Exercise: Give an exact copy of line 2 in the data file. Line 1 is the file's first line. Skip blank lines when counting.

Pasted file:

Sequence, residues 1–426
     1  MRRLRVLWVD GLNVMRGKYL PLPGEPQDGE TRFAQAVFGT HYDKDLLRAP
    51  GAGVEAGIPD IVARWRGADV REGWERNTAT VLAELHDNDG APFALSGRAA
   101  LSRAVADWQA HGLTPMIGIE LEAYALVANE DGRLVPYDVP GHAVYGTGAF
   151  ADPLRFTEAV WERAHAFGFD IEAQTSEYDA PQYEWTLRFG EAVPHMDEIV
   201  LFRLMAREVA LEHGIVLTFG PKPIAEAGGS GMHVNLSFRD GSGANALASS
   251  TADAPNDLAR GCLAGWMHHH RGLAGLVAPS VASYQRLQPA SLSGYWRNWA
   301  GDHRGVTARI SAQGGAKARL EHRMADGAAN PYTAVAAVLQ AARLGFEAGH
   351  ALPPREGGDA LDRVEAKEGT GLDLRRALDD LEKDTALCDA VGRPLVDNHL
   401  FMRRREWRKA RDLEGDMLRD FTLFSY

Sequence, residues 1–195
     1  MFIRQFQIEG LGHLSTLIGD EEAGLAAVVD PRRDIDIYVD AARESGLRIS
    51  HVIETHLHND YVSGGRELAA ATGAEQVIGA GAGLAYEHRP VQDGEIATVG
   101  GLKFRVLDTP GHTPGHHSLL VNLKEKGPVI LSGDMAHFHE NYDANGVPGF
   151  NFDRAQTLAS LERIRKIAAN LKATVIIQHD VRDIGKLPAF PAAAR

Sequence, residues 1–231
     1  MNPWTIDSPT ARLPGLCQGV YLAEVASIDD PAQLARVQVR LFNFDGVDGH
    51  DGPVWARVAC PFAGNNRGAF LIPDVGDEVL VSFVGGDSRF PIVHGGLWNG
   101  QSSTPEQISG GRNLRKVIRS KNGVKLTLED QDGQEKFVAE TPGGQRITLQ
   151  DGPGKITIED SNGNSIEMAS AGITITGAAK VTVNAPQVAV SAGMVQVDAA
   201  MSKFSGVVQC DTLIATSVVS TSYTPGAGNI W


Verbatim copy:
     1  MRRLRVLWVD GLNVMRGKYL PLPGEPQDGE TRFAQAVFGT HYDKDLLRAP